What You Need to Know to Track Health Symptoms Effectively

How to Track Health Symptoms Effectively

 

If you are trying to show your physician what you are experiencing at home with yourself or your loved one, symptom tracking is the key. It’s the one thing that saved our son from additional extensive testing. It’s what helped our doctor make a differential diagnosis with very little follow-up testing.

How to Symptom Track
Symptom tracking requires excellent organizational skills, some thought, and great record keeping. My recommendation is you create a tracking notebook/journal. I go into exact detail in a step-by-step process in my book How To Get A Diagnosis. All the tools and steps are provided in a downloadable format to help you organize your symptoms.

You are going to keep and include detailed reports of:

  • Doctor visits (tool included with the book). You get a FREE health history started tool with this post here.
  • Symptoms you or your loved one has during episodes. Also, track related symptoms during non-episodic or recovery periods. Specific methods for organizing and tracking these in a way that makes sense to your physician are part of my book. This includes charts as well as longer journaling with descriptions.
  • Severity classifications of each symptom.
  • What body group does the symptom belong with? This can be tracked on a body chart. (Included with the book).
  • Test results from each test run on yourself or your loved one.

 

How to Track Health Symptoms Effectively

 

What’s the point of this type of notebook and organizational system?
Keeping track of symptoms by body region helps you and your physician eliminate diagnosis. This type of charting also helps you all see patterns in symptoms. Your whole entire body and every system are likely not affected by whatever ails you.  Specific systems have specific symptoms. Knowing patterns in these body groups and associated symptoms are important to getting a correct diagnosis.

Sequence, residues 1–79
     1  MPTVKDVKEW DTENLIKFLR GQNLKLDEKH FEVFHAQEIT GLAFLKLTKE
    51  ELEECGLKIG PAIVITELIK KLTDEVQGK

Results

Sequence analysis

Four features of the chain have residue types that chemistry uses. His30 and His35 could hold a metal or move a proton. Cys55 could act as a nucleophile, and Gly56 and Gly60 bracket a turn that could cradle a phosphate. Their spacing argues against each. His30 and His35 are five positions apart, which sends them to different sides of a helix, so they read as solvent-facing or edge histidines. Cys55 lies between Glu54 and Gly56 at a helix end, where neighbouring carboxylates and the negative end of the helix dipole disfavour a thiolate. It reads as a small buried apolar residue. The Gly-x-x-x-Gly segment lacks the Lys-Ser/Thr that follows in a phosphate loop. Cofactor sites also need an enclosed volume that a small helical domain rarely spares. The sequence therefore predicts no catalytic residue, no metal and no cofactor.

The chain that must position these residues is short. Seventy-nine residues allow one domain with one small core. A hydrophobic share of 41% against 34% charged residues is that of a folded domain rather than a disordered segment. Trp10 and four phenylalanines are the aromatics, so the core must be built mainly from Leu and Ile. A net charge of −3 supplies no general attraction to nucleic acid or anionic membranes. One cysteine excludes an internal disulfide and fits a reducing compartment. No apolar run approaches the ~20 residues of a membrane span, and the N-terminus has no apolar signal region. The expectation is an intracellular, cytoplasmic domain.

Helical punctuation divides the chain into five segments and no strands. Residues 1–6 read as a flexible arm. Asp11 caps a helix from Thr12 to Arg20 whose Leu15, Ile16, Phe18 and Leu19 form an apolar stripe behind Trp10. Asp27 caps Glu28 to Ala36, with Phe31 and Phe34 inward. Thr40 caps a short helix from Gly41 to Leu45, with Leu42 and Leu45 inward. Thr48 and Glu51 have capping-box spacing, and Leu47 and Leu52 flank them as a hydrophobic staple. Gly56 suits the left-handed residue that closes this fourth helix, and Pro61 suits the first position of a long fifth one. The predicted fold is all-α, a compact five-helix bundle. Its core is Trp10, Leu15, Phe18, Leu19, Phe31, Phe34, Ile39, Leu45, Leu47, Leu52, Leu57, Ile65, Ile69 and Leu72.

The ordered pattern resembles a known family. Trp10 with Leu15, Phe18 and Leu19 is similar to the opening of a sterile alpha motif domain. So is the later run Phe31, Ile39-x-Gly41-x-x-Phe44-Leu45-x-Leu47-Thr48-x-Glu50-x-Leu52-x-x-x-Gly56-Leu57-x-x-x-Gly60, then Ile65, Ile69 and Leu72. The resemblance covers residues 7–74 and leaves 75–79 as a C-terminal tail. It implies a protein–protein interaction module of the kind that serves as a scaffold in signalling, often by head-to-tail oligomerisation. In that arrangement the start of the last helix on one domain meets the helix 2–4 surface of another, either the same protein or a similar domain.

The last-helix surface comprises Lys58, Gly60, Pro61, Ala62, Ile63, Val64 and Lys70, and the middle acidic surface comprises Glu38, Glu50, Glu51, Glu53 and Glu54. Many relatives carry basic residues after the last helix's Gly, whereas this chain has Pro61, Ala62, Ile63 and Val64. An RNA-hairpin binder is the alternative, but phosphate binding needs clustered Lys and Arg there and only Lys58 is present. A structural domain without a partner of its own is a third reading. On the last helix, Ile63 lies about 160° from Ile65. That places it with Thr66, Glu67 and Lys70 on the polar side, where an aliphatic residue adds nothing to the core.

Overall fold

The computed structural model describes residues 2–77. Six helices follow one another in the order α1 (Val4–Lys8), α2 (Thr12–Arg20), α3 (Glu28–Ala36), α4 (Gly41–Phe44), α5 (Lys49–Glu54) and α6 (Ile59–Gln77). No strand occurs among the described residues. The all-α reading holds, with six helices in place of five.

Keeping track of symptoms in a longer journal format, versus on a chart of the body or in a graph is also important. Some symptoms might not be easily classifiable on a body chart or a graph/spreadsheet. You might need to give a longer description. That description might be key to your physician determining the cause of your suffering. It’s important to be sure to track both ways.

Why track doctor appointments and test results?
Including appointment notes and test results is important. Sometimes there is a lag or delay in files reaching the correct specialist. If you have kept all doctor notes you made (tool in the book) as well as the printout of the information provided after each doctor visit, you can make a copy before any appointment. You can hand the results right to the new physician yourself. No waiting around for other people to take care of it for you.

In this country, you are required to get access to a patient portal to access records and results. You can print all records and results from these portals. Be sure to ask your physician for access to yours.

 

How to Track Health Symptoms Effectively

 

Recommendations on Tracking
Be sure to track after and during each episode and recovery period. If you had a lapse in symptoms but they flare again continue tracking. You should continue to track the first year following a diagnosis. This helps solidify the diagnosis.

You can use your tracking for research, but it’s really for your physician. It is to show them exactly what is happening to you when they are not with you.

If your doctor doesn’t provide notes after a visit be sure you take the time to complete a doctor visit summary sheet (book), or create one yourself to keep track of what happened. Be sure to complete it directly after the visit. It will be fresh in your mind and will be most accurate.

What if you have had symptoms for a long time and never thought about tracking?
You can always start now. Of course, you can go back in time in your journal and notes and write down what you can remember. Try not to speculate back in time. If you remember it clearly and you are over 100% certain of what you are writing down – include it. If you are unclear it should be excluded with a note that you had an appointment or symptom, but you cannot remember what happened.

Get organized and get tracking. The more you track the better you will see your health history and patterns. You will be one step closer to an answer or help.

 

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